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After reading the Q&A Is the moon moving further away from Earth and closer to the Sun? Why? about the tides transferring energy to the Moon and pushing it from Earth, I have a question:

How is that energy actually being transferred to the Moon? The creation of tides requires energy, so I would expect that this should take energy from the Moon, slow it and cause it to eventually fall back to the Earth. Why isn't that happening?

Finally, if this is the general mechanism, would other moons that orbit around planets with a liquid surface and causing tides, be receding from their parent planets?

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Note the recession only happens when the primary is spinning faster than the satellite. When the satellite is moving faster than the primary (like Phobos and Mars), then it spirals in, not out. –  BowlOfRed Jan 21 at 3:43
    
@РСТȢѸФХѾЦЧШЩЪЫЬ: Um, "closer to the Sun"? It also gets further from the Sun, half the time... –  ThePopMachine Jan 22 at 19:36

2 Answers 2

up vote 6 down vote accepted

It's pretty simple, actually.

tidal bulging

The Moon creates tides. Due to tides, the water bulges out towards the Moon (and also on the opposite side).

But the Earth also rotates pretty fast (once a day), faster than the Moon orbits the Earth (once a month). There's friction between the rotating Earth, and the watery bulge created by tides. The rotation of the Earth "wants" to rotate the bulge faster.

In effect, the rotation of the Earth drags the tidal bulge forward - the bulge is always a bit ahead of the Moon. When the Moon is at meridian, the tide is already decreasing.

So there's a bit of extra watery mass on Earth, a little bit ahead of the Moon. This watery bulge interacts gravitationally with the Moon.

This has two effects:

  • it slows down the rotation of the Earth, gradually sucking energy from it (the Moon pulls the bulge, and therefore the Earth, "back")
  • that energy is dumped into the Moon's orbital motion, effectively "pulling" it forward

When you dump energy of motion into an orbiting body, it settles into a higher orbit - higher orbit means more energy. Therefore, the transfer of energy from Earth' spin to Moon's orbit gradually makes Moon's orbit larger and larger.

This only happens because the Earth is spinning faster than the Moon orbits it. If the Earth was tidally locked to the Moon (spinning exactly as fast as the Moon orbits it), then no transfer would happen. If the Earth was spinning slower than the Moon's orbit, then the transfer would be opposite (from Moon's orbital motion to Earth's spin).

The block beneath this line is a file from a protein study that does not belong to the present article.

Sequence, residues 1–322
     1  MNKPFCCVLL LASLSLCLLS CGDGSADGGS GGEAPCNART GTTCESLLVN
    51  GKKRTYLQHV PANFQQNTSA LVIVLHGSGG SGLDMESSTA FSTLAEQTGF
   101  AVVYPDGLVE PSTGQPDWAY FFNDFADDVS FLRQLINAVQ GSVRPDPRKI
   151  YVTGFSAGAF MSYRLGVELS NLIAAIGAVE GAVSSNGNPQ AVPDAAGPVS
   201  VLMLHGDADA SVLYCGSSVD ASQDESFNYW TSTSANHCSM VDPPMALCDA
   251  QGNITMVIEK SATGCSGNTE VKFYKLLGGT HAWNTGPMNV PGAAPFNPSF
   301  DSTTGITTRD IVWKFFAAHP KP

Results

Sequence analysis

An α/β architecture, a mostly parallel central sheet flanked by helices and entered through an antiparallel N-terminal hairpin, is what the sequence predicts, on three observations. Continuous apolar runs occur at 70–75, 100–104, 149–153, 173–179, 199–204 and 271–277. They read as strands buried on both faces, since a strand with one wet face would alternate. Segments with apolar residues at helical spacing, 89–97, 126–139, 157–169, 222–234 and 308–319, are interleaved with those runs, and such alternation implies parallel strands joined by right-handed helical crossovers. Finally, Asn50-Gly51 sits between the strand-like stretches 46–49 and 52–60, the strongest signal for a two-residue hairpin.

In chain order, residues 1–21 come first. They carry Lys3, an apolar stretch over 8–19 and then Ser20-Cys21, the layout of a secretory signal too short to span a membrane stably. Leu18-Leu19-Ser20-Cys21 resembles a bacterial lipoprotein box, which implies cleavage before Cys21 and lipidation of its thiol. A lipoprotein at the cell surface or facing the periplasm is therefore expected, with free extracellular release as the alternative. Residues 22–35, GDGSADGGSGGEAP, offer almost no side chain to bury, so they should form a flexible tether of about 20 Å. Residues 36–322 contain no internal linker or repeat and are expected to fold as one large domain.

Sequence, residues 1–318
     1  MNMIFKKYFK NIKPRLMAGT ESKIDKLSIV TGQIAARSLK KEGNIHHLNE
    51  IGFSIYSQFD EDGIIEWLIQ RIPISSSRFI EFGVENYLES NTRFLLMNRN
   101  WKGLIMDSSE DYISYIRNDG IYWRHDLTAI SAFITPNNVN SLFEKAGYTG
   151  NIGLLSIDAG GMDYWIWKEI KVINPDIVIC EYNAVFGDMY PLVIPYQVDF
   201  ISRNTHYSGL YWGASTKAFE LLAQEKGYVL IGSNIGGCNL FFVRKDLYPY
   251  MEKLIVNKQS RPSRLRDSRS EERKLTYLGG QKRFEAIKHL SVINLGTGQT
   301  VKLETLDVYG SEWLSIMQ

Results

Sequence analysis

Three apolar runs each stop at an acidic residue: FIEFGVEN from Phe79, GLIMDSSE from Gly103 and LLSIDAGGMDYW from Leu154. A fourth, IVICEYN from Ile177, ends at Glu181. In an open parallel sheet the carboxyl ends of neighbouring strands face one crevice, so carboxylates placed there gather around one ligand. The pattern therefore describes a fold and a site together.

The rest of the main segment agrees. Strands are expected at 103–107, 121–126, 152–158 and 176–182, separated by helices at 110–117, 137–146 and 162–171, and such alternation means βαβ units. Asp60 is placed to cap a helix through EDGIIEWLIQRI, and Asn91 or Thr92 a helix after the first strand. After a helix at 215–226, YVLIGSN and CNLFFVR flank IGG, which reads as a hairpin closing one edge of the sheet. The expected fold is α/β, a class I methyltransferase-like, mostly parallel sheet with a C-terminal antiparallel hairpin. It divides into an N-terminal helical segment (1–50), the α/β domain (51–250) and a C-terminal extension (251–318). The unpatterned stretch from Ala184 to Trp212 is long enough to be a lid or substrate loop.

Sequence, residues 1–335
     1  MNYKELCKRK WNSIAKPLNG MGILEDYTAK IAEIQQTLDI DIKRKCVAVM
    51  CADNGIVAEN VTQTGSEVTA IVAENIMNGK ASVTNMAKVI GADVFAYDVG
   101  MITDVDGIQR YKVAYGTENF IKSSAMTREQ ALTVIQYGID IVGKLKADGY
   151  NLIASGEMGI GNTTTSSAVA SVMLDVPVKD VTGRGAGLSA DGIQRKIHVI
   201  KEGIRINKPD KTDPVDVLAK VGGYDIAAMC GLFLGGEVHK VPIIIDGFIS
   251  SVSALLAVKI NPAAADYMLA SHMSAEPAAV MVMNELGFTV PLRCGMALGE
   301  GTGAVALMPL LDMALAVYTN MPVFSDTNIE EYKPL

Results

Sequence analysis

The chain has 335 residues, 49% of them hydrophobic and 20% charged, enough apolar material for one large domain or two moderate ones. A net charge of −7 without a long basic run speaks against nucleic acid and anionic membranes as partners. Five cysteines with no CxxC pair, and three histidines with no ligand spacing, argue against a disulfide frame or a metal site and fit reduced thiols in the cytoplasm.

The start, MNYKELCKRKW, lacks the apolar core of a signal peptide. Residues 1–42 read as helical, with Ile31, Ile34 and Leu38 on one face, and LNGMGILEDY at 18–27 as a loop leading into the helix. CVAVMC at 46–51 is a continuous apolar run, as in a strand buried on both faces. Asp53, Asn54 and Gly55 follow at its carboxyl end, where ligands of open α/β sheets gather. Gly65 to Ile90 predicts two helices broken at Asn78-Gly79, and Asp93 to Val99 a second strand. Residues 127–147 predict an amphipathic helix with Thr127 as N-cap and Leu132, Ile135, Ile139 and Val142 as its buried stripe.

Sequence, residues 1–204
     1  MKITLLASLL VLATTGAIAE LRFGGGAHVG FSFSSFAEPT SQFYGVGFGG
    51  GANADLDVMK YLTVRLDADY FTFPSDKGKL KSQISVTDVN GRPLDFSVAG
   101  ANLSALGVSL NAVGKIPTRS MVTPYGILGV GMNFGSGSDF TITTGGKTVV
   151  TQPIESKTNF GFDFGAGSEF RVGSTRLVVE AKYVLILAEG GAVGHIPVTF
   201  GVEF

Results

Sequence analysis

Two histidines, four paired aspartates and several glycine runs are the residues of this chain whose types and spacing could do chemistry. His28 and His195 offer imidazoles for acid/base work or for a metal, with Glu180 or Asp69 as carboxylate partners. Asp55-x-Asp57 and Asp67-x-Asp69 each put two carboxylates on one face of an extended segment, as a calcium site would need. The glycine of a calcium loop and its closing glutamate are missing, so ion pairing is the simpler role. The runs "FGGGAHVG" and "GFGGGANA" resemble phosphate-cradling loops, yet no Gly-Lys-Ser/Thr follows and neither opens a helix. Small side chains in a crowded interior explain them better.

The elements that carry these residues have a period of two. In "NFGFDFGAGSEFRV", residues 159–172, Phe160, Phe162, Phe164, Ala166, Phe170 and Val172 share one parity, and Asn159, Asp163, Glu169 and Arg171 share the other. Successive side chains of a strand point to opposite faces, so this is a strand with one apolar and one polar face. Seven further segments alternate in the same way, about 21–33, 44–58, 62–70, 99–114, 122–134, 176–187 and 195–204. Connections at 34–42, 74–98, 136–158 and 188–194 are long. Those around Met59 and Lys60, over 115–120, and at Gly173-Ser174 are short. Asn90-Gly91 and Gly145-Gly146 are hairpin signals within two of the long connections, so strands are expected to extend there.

Note: Counterintuitively, a satellite with more energy actually moves slower, but in a higher orbit. The extra energy goes into raising the orbit, not into making its speed faster. Why this happens exactly is a whole 'nother discussion.

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Is there a tidal wave in the Earth's molten mantle too? –  LocalFluff Jan 20 at 21:55
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The whole Earth, including the "solid" crust and its soft interior, experiences a tide due to the Moon; on a planetary scale there are no true solids. It's called Earth tide. The amplitude is on the order of dozens of centimeters. web.ics.purdue.edu/~ecalais/teaching/eas450/Gravity3.pdf –  Florin Andrei Jan 21 at 0:16

You have correctly identified that the tidal forces are transferring energy from the Earth to the Moon. This energy causes the Moon's orbit to get larger thus slowing it down.

It's a bit counter intuitive, but if you think about it the Earth spins a rate of 1 spin per day The Moon is orbiting the Earth with a period of approximately 27.3 days. If it were to speed up it's orbit would actually decrease bringing it closer to the Earth.

To answer your final point all other moons cause tides on their parent planets and are moving away from them, but the effects are much smaller due to the larger difference in sizes. The Earth/Moon system is unique in the Solar System as the ratio of the sizes of the bodies are relatively close to each other.

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The other planet/moon systems do also have this property though. The moons slowly spin outwards. –  Rory Alsop Sep 30 '13 at 19:10
    
I still don't get how speeding up the Moon would decrease its orbit, from what I remember, the faster the body moves, the more distant is the orbit... –  Danubian Sailor Sep 30 '13 at 19:30
    
@ŁukaszLech That's a misconception, the square of the orbital period is equal to the cube of its average distance (Kepler's 3rd law), but as the size of the orbit only scales linearly with distance, the velocity scales as r^(-1/2), i.e. decreasing with distance. –  Guillochon Sep 30 '13 at 19:43
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Examples: At 150 miles up, orbital speed is 17000mph. At 22000 miles up it is only 7000mph. –  Rory Alsop Sep 30 '13 at 19:52
    
Interesting. But when the body is slowing, the centrifugal force reduces, therefore is no longer able to match gravity, and the body falls? This is what happens to low orbit satelites? –  Danubian Sailor Sep 30 '13 at 20:55

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